Apply all those conditions rigorously and you are in effect saying that war is off the table as an instrument of foreign policy

    The bar should be set high. Do you want going to war to be easy?

  56. Rob in CT says:

    Oh, and:

    2) We should have known then. (Not as cut and dry as people now like to pretend.)

    No. BULLSHIT. This stuff was being pointed out in real time. You were deaf to it, apparently. That’s on you, not those of us who were arguing against the war.

    3) Invasion and occupation are always wrong. (Incorrect in my opinion.)

    This is not the argument folks are making. It’s sad to see you erecting this sort of strawman.

    In future we must have: a) Absolute proof of need, b) A clear path to success, c) Everything must be legal.

    How about “the casus belli has to be better than an obvious steaming pile of BS”; there must be a clear path to success/end and everything has to be legal? Too much for you?

    You’re going to be suckered again. Wonderful.

  57. Moosebreath says:

    @michael reynolds:

    “That said, the thrust of the arguments are:

    1) Bush lied. (Yes. Given.)
    2) We should have known then. (Not as cut and dry as people now like to pretend.)
    3) Invasion and occupation are always wrong. (Incorrect in my opinion.)
    4) The Iraq war was a major historical event. (I think it was a sideshow.)
    5) In future we must have: a) Absolute proof of need, b) A clear path to success, c) Everything must be legal.”

    I’ll give you 1 and 2. I also believe (and don’t think have sufficiently engaged in response to) that while it is not entirely cut and dry that we should have known then, it was very close to being so. It was certainly far more likely based upon publicaly available info before the invasion that the evidence offered in support of war was simply wrong than that it was largely correct.

    3 is where I do not follow you at all. To put it bluntly, no one is saying that invasion and occupation are always wrong. No one. There are lots of people saying that the standards were not met here. But no one is arguing for pacifism.

    4 is a discussion which does not interest me much, and which I have not engaged in. I don’t know what standard you are using for determining what constitutes a “major historical event” and what constitutes a “sideshow”, but I think the excluded middle is likely the correct answer.

    5 is something where you have some support in the discussion above, but not much. You are massively overstating the standards people are using above to determine if we should go to war. If you changed it to “a) fairly strong sense of need, b) A reasonable expectation of success, c) a strong argument can be made that it is legal,” you’d be on the right track. As Rob from CT said, the bar should be set high.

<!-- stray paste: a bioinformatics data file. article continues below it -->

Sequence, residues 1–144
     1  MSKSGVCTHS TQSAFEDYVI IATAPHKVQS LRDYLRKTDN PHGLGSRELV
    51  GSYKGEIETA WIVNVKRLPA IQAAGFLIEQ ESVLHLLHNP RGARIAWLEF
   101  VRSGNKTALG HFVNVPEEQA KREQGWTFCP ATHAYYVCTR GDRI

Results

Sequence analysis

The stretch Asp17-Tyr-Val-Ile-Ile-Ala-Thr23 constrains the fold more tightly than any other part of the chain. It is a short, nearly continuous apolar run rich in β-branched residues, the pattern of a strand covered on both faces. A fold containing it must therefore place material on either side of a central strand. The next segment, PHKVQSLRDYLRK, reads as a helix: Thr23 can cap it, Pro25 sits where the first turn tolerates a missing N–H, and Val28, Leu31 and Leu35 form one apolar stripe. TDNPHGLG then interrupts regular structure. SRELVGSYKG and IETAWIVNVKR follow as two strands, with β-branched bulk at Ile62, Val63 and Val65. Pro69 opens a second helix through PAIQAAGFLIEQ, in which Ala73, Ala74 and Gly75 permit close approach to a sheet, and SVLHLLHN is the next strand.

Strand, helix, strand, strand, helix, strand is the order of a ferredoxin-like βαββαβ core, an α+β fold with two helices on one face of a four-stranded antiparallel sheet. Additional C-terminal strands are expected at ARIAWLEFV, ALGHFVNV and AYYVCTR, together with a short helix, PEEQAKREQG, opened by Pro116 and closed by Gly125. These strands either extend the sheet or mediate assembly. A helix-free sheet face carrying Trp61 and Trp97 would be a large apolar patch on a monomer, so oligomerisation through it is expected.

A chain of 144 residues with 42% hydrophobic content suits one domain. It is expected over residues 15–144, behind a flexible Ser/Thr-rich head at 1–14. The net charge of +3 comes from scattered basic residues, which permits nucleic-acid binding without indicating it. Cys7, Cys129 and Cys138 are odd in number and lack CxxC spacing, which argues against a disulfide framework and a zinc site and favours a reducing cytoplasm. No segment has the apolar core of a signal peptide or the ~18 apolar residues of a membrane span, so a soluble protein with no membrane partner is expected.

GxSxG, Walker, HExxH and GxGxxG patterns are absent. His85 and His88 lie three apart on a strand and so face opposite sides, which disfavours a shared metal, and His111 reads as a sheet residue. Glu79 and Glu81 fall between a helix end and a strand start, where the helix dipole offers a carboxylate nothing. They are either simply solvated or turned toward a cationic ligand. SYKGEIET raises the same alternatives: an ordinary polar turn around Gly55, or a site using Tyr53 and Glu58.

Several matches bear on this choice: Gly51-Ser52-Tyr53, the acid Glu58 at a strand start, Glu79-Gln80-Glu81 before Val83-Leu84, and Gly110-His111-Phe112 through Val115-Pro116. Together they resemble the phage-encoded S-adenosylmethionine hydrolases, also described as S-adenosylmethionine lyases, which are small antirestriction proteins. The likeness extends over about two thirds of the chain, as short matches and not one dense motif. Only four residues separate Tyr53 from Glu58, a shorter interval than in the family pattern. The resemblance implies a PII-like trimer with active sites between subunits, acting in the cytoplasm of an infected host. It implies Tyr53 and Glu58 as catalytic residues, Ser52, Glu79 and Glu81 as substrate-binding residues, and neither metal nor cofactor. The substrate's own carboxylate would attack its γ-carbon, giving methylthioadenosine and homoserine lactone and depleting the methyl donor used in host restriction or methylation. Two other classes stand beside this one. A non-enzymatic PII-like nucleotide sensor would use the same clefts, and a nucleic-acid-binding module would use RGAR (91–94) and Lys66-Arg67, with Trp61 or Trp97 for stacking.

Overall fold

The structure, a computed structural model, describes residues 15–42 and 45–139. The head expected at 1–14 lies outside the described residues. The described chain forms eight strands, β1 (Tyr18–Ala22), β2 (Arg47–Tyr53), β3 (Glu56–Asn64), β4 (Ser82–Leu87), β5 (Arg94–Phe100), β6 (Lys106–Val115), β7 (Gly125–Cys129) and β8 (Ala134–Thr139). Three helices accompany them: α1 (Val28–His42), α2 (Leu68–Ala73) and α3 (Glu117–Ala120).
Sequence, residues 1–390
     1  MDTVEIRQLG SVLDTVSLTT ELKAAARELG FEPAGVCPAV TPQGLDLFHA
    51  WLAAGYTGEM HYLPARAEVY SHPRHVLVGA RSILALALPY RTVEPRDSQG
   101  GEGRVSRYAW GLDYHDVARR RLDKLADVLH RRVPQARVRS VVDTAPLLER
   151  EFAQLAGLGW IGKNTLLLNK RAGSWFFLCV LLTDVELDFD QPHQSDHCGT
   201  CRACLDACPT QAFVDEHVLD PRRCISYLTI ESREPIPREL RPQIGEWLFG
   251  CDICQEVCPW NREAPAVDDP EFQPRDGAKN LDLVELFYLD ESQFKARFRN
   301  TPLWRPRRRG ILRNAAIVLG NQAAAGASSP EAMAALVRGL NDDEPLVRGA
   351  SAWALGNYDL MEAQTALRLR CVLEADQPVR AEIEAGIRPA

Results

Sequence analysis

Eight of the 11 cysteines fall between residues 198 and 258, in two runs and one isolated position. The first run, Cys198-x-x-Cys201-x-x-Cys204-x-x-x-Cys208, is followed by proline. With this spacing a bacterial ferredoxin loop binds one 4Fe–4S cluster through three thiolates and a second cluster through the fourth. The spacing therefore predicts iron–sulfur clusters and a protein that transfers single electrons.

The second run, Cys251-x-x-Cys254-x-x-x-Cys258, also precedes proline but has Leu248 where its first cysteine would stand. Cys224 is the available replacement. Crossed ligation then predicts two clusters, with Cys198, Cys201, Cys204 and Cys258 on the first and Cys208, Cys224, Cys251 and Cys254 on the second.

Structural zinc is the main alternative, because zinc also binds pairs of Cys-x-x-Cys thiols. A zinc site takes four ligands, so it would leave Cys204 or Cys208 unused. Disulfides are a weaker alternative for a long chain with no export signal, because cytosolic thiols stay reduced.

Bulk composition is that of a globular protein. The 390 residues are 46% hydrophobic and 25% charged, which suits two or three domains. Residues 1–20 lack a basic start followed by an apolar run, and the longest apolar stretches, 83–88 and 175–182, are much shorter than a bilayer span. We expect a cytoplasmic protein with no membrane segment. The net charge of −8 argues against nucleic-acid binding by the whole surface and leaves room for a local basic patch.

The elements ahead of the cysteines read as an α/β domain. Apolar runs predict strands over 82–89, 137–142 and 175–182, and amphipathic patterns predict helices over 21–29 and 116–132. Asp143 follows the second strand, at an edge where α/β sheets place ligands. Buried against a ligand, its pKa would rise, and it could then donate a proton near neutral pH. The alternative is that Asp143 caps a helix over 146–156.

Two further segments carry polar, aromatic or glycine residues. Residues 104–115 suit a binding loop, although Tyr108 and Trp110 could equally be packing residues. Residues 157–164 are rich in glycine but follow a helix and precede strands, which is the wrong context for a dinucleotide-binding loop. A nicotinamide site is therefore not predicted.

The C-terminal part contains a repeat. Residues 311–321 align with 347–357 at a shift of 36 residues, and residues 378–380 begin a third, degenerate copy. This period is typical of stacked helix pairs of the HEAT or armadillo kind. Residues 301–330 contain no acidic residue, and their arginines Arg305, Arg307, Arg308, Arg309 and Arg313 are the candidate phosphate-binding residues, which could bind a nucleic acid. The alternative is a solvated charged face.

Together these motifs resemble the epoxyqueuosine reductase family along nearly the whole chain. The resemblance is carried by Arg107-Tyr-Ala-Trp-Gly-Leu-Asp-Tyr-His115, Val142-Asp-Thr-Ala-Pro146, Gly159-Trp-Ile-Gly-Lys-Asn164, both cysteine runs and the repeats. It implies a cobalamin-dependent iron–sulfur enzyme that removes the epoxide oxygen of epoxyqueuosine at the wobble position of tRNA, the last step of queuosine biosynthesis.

As to Libya, I agree that it is a very similar case, and had it gone poorly people would regard Obama the way they do Bush the Younger. It would make for an interesting discussion to see why people view them differently. But that is not the discussion at hand.

  58. Mikey says:

    @michael reynolds:

    Had Iraq been better-managed, had we succeeded, I very much doubt we’d be having this discussion.

    I think that’s correct, and that the lack of discussion would not have been a good thing, because it would have stemmed from a post-facto justification of the war. And that would leave us open to future wars into which our government would plunge with similarly false justifications.

    On the plus side, doing Iraq right would likely have meant far fewer dead and a far more stable country, with less influence from Iran. And that would have been undeniably better than what we’ve got.

    But what we could have had was zero dead and a far-less-damaged view of government by the American public.

  59. michael reynolds says:

    @Rob in CT:

    My argument for war had to do with WMD only tangentially. And of course I never bought the Al Qaeda connection, it was too obvious that Bill Safire for one was being fed bullshit on a supposed Czech connection, etc…

    My argument in support was the transformative one, with a side order of possible future WMDs. So I wasn’t seduced by visions of mushroom clouds or 9/11 hysteria. And no, the arguments against transformation were NOT cut and dry because they weren’t even being discussed for the most part.

    I don’t believe the administration believed in WMD, I think that was public relations. I think they were after transformation. So the question for me was not “Did Bush lie?” I assumed he was lying. Nor was it for me a question of “Will we have mushroom clouds over Manhattan.” That was something to consider seriously down the road, because we had a very rich megalomaniac with a proven track record of starting wars, but it wasn’t imminent.